Understanding the basic science behind how SARS-CoV-2 travels in the air should help give us strategies for staying safe. Unfortunately, there are still many open questions. For example, even if aerosols made by an infected person can float in a room, and even if aerosols contain some viable virus, how do we know how important a role of possible mode can be? pandemic transmission?

While we waited for the answers from the ongoing research, Dr. LaPook to the top three scientists to try to clean up the air. Recognizing that science is still not set in stone, they gladly agreed to give us their best advice on how to think about protecting ourselves, based on their current understanding of how it can spread the SARS-CoV-2. Below, atmospheric chemist Kimberly Prather, airborne virus expert Linsey Marr and environmental health professor Donald Milton discuss the best precautions you can take to reduce your risk of infection .

Air purification

In contrast to the early thinking about the importance of transmission through contact with large respiratory droplets, it appears that one of the main ways humans become infected is by breathing in the virus. This is most common when a person is standing within 6 feet of a person with COVID-19 (with or without symptoms), but it can also occur from more than 6 feet away.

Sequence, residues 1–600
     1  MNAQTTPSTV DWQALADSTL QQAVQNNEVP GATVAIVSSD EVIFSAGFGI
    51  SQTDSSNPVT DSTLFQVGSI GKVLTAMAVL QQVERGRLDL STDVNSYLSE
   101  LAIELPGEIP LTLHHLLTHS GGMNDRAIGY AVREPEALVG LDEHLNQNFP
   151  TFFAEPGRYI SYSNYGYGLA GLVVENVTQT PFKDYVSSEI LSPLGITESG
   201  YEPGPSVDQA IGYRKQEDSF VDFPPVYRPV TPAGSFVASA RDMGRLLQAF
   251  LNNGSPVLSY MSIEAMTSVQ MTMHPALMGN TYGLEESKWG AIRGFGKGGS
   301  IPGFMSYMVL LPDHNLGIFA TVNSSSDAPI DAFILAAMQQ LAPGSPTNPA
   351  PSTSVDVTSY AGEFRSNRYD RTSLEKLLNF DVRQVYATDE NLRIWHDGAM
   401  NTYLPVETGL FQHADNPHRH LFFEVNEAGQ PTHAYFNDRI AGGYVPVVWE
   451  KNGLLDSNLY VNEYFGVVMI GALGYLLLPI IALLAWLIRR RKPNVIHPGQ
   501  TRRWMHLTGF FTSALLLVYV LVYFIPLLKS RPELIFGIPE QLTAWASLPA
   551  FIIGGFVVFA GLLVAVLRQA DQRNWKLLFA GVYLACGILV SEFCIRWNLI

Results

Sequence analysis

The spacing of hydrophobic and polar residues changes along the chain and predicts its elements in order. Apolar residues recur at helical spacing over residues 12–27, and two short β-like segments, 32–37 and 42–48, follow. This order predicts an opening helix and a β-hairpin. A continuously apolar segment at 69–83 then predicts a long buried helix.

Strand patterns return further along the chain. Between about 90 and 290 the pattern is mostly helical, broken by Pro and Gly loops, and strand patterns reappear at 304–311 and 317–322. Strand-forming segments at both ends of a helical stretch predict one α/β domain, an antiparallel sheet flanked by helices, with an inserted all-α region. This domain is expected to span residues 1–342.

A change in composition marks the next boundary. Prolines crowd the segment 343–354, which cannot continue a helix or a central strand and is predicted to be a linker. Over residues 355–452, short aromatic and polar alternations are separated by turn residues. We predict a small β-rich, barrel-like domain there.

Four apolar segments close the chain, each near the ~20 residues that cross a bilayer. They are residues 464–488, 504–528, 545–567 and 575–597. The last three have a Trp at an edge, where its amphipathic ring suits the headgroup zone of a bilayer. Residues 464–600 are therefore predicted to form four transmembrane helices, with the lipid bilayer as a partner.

Viruses in small, airborne particles called aerosols can infect humans in both short and long range. Aerosols can be thought of as cigarette smoke. As they are more concentrated near an infected person, they can travel farther than 6 feet, linger, build up in the air and stay contagious for hours. Consequently, to reduce the chance of inhalation of this virus, it is important to take all the following steps:

Inside the house:

  • Practice physical distance – the farther the better.

  • Wear a face mask when you are with others, even if you can maintain physical separation. Facial masks not only reduce the amount of virus that comes from infected people, but also reduce the chance of you inhaling the virus.